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IN RE: E.T.
Appellant E.T. appeals the Chittenden Family Court's decision to renew his order of nonhospitalization (ONH). E.T. asserts that the court erred in failing to discharge him from court-ordered treatment when the evidence demonstrates that he is willing and able to continue treatment voluntarily. We affirm.
¶ 2. E.T. is a 63 year old man who suffers from paranoid schizophrenia. His mental illness was first diagnosed in 1965 after he allegedly shot and wounded a police officer. In 1974, E.T. killed his employer with an axe, but was found not guilty by reason of insanity. He was committed to the Vermont State Hospital, but was discharged in 1978 on the condition that he continue receiving bi-weekly injections of an anti-psychotic medication to control auditory hallucinations and paranoid delusions. On two occasions, once in 1983, and again in 1988, E.T. missed an injection and had to be briefly rehospitalized after displaying signs of psychosis. E.T. has consistently taken his medication since 1988, but was briefly hospitalized again in 1992 after making threats during an argument with his neighbor. Since then, he has taken his medication as ordered and has not required further hospitalization.
¶ 3. Upon release from the hospital in 1983, E.T. was placed under an ONH requiring him to continue taking his medication. The ONH was initially of indefinite duration, but in 1988 Vermont law was revised to require annual judicial review. See 18 V.S.A. § 7621 (limiting court-ordered periods of hospitalization or nonhospitalization to one year). For fifteen years, E.T. voluntarily agreed to annual renewal of his ONH without a court hearing. In 2003, however, he did not consent to renewal, and the Chittenden County Family Court held a hearing on the State's application for continued treatment.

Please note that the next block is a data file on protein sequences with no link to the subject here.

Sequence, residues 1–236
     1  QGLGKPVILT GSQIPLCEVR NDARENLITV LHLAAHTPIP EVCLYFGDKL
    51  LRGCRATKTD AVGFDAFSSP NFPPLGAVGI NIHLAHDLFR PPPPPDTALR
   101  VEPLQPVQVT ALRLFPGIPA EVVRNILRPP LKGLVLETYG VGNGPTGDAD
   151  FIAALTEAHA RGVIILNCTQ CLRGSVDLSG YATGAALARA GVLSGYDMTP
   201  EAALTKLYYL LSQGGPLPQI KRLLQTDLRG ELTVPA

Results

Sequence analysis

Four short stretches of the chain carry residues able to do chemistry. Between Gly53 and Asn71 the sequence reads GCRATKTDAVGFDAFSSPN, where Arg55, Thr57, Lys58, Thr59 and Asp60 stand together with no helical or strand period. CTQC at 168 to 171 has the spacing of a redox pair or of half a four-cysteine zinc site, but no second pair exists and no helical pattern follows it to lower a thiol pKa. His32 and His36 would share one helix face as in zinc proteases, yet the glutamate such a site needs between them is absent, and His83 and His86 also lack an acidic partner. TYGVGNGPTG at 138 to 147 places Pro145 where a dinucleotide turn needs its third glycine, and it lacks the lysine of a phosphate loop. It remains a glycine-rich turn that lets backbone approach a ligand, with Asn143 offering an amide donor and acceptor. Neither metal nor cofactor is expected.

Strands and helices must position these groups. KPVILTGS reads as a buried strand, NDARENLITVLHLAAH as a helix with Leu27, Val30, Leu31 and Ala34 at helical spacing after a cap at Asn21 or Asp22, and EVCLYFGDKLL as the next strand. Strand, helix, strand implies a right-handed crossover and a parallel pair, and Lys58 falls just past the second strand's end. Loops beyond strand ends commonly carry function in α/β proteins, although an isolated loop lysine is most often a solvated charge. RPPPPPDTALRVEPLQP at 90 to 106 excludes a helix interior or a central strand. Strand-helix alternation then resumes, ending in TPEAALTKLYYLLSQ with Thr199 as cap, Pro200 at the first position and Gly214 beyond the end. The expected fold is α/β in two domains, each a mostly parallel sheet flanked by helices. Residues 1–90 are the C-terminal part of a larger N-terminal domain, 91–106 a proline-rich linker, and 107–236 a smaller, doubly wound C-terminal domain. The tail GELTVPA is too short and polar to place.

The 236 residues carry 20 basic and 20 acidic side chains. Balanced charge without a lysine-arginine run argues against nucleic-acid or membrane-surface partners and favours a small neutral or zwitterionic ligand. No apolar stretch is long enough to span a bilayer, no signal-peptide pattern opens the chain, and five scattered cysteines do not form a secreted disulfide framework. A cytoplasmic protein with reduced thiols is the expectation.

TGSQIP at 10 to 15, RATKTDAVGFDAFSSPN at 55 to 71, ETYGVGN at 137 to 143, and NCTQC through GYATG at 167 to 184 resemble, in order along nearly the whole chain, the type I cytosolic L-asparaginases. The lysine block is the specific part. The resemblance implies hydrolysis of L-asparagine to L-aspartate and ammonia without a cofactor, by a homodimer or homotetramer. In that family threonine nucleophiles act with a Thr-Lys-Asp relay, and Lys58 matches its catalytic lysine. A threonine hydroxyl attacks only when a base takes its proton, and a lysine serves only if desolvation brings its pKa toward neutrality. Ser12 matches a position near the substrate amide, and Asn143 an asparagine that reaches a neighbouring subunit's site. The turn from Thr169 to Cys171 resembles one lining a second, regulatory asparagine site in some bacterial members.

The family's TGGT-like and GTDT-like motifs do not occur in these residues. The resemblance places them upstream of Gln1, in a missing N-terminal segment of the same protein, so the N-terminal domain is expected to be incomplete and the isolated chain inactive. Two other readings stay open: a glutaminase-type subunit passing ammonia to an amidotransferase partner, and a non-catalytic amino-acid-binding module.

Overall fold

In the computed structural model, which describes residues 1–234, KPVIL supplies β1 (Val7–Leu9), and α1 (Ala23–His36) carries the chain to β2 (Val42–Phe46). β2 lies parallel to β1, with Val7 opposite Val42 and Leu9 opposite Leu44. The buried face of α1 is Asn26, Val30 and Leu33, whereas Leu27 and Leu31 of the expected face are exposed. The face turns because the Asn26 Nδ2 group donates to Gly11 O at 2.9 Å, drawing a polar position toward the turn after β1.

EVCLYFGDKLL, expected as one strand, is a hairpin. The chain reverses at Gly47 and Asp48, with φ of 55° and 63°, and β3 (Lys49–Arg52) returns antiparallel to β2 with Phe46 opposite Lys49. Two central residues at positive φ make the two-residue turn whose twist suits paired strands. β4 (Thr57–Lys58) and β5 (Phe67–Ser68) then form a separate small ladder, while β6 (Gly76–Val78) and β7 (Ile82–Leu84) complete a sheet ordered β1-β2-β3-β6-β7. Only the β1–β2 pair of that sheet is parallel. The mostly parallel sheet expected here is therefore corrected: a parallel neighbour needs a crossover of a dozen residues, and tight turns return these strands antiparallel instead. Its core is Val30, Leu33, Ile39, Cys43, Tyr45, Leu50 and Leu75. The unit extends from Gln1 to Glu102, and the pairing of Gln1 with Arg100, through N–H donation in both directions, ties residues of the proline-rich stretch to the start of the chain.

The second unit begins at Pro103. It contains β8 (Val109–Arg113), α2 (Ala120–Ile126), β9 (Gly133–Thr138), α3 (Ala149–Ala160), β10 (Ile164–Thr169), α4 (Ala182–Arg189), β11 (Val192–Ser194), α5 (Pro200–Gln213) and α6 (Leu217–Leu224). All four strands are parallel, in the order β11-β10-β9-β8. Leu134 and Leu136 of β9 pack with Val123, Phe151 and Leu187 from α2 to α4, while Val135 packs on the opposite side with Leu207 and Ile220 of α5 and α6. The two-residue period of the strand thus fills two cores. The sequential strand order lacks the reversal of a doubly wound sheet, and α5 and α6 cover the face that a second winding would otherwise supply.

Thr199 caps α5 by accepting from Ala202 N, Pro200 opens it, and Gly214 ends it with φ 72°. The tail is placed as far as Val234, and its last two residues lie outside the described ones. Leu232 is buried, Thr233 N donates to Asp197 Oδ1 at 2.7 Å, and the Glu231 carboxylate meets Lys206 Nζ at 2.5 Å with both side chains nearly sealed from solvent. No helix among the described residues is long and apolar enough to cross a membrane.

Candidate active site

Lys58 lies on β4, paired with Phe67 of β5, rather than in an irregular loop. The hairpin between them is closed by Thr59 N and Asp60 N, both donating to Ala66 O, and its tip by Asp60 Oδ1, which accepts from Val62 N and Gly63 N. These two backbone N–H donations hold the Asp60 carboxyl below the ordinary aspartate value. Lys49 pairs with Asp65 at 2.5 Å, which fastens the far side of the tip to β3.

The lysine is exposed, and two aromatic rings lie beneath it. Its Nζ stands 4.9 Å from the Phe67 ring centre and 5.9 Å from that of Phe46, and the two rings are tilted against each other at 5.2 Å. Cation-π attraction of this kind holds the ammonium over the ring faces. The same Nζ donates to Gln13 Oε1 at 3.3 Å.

¶ 4. At the hearing, the State contended that E.T. remained “patient in need of further treatment,” 2 that an ONH is the least restrictive feasible means of treatment in his case, and that the court should therefore renew his ONH. E.T. did not argue that he is no longer mentally ill, that his treatment plan should be changed in any way, or that he no longer poses a threat to others if his treatment is discontinued. His sole contention was that an ONH is no longer necessary because his long record of compliance shows he is capable of pursuing treatment voluntarily.
¶ 5. It is undisputed that, under medication, E.T. is a pleasant person who maintains a stable, independent living situation, is helpful to his neighbors and friends, and is relatively unlikely to have further episodes of psychosis or violent behavior. Both parties agree, however, that E.T. is likely to show signs of psychosis if he discontinues treatment, and that swift intervention would be important to minimize the chance of serious deterioration in E.T.'s long-term mental stability.
¶ 6. In its Opinion and Order, the family court found that the State produced clear and convincing evidence that E.T. was a “patient in need of further treatment,” and that because of his history of discontinuing treatment and becoming violent, voluntary treatment was not feasible. The court then issued a one-year ONH requiring E.T. to take his medication, meet regularly with his treatment providers, and refrain from violent behavior. This appeal followed.
¶ 7. We begin by observing that, contrary to the State's contentions, the family court did not err in considering the feasibility of voluntary treatment in E.T.'s case. The State argues that to put voluntary treatment in issue a patient should be required to affirmatively consult with his or her treatment providers before initiating judicial proceedings. To meet constitutional requirements, the review process for orders of nonhospitalization must be consistent with the Vermont Constitution's presumption that freedom from restraint is a fundamental, inalienable right. See In re G.K., 147 Vt. 174, 179, 514 A.2d 1031, 1034 (1986) (holding that indefinite orders of nonhospitalization without a provision for regular judicial review are unconstitutional on due process grounds). Moreover, the review process must address systemic pressures a patient might face to avoid contradicting the recommendations of his or her treatment provider. Id. at 178, 514 A.2d at 1033. Although “the State's burden to show that voluntary treatment is not feasible arises only after the proposed patient raises that issue,” In re R.L., 163 Vt. 168, 174, 657 A.2d 180, 184 (1995), the additional barriers to consideration of voluntary treatment the State proposes implicate the same due process concerns addressed in G.K. Accordingly, we conclude that E.T.'s request, made through counsel in response to an application for continued treatment, was sufficient to put voluntary treatment in issue.